Phil: Guess we’ll need to figure out how to change these up after your comment on a previous post!

The view looking back toward Kealia Beach where we’d started our walk:

Back at Kealia Beach, we found a half-mile-long gorgeous sandy beach that was a favorite for locals who love to sunbathe, surf, and use bodyboards. Because of the combination of northeasterly winds, no protective reef, and rough waters, the beach isn’t generally considered great for swimming. We’d hoped to spot some whales as Kealia is supposed to be a prime whale-watching venue but we didn’t see any.  

Lots of local families had parked their trucks and set up tents and grills at one end of the beach. Unlike other beaches, there were also quite a few dogs at Kealia but the beach was so large, that didn’t matter to us.

Before checking into our next rental we detoured north to Wailua Falls. Located at the south end of the Wailua River, the falls cascade into two streams, dropping anywhere from 80 feet to 200 feet below depending on whom you talk to! The vast difference may be because the size and appearance of the falls are determined by the amount of rainfall farther up the mountains.

If you were ever a fan of the long-running television show Fantasy Island, you may remember seeing Wailua Falls in the opening credits! I read that the falls are just one of the spectacular spots on Kauai used as film locations.

Our condo in Lihue in southern Kauai for the next five nights overlooked a pretty but tiny lake.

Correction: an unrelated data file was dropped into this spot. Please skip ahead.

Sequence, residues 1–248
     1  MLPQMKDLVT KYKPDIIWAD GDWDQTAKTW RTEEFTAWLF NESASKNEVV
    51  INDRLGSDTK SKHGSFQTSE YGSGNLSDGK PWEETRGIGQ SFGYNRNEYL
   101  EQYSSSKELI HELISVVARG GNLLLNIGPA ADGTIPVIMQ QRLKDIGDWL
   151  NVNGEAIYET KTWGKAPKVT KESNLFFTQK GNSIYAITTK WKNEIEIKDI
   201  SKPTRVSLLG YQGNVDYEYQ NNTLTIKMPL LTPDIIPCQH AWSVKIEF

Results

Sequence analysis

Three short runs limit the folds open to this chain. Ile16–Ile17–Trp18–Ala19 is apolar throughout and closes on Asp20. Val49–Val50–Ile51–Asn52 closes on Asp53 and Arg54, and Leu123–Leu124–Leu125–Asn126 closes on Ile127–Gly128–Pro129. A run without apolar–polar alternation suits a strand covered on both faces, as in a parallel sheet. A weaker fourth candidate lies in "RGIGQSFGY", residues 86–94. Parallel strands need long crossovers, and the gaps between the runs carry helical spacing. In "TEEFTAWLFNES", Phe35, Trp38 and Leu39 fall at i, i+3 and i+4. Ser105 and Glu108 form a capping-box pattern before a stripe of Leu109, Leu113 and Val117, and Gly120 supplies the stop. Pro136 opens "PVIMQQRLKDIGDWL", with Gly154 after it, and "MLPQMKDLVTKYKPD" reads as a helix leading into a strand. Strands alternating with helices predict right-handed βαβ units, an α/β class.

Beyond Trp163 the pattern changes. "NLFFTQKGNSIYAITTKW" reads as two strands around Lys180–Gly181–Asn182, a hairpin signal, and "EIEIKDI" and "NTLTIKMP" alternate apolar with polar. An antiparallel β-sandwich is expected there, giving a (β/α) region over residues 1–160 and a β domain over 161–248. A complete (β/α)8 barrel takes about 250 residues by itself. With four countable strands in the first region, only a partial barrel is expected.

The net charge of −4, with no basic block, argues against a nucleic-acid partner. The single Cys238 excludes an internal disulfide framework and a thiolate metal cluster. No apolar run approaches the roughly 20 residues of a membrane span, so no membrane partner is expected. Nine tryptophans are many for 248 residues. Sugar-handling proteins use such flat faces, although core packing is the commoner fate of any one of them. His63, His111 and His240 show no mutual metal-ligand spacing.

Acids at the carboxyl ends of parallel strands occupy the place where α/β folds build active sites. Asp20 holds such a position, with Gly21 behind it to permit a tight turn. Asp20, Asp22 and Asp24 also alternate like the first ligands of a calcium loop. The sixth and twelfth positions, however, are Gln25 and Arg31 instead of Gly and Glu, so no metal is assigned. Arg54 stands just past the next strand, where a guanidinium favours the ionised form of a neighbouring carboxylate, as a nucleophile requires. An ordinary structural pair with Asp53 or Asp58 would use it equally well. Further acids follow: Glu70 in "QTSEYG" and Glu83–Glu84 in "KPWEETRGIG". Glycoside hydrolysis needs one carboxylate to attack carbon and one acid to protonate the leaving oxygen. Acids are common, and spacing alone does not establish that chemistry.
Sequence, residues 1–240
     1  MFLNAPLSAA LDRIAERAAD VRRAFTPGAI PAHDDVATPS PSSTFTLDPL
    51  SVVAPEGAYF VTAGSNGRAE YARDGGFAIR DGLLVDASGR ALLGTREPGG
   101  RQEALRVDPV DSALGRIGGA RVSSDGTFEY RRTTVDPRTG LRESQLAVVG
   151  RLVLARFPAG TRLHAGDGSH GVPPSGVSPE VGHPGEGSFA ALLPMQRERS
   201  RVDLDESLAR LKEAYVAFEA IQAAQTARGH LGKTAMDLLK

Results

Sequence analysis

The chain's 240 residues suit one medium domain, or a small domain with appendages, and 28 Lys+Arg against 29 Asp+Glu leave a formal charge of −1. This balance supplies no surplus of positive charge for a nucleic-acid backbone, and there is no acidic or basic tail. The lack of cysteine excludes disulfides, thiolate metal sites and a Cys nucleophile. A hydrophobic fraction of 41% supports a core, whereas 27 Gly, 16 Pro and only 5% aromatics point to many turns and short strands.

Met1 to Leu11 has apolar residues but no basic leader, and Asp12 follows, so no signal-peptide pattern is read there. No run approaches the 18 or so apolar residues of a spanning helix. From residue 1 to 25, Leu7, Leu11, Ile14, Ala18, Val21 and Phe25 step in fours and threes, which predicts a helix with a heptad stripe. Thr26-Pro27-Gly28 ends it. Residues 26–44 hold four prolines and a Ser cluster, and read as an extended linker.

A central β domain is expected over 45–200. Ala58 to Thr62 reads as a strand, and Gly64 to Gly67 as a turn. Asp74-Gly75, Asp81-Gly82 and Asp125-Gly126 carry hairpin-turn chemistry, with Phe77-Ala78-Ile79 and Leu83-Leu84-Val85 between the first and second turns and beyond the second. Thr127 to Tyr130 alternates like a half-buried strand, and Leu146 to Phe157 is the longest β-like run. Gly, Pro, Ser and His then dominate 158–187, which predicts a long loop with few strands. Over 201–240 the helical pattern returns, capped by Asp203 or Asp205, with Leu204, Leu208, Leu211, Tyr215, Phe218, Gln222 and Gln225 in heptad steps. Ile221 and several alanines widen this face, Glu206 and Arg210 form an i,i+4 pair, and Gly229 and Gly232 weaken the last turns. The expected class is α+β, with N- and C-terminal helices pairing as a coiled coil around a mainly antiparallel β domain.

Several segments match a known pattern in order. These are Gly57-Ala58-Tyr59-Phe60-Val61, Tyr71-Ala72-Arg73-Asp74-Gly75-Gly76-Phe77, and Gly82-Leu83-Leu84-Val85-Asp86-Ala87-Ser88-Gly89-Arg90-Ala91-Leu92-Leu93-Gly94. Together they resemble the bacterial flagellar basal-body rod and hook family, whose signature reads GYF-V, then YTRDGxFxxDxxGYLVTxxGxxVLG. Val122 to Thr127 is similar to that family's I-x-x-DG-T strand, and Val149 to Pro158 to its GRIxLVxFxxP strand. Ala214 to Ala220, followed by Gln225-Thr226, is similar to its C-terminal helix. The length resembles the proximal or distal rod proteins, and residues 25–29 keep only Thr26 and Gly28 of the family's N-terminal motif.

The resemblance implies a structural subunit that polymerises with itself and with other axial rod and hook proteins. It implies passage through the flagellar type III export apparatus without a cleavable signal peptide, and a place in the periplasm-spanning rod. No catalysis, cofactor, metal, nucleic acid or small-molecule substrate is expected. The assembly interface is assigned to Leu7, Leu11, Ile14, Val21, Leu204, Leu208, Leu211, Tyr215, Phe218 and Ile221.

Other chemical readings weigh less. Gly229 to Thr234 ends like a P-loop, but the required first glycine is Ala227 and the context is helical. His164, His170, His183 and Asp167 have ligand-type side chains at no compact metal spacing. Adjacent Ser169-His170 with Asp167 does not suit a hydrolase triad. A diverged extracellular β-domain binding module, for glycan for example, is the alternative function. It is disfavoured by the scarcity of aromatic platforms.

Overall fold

When we went out for pizza that night, Steven made sure to try a local beer, his custom when we travel.

Next post: A boat tour of Napali Coast, Kauai’s jewel!

Posted on April 11th, 2022, our last night here on the island of Hawaii and the end of this fantastic three-week adventure. We’re off to San Francisco tomorrow for four nights so we can spend time with our son and his family, but really our almost 23-month-old granddaughter, Max!


4 thoughts on “3/26: Kauai’s Great Beaches & Pineapple Dump!

  1. Those beaches look lovely! I’m not one for lying on a beach but they look great for walks and photos, which I do enjoy 🙂 And I think you’re probably correct that the tree is an acacia – the shape is very distinctive.


Leave a Reply

Fill in your details below or click an icon to log in:

WordPress.com Logo

You are commenting using your WordPress.com account. Log Out /  Change )

Twitter picture

You are commenting using your Twitter account. Log Out /  Change )

Facebook photo

You are commenting using your Facebook account. Log Out /  Change )

Connecting to %s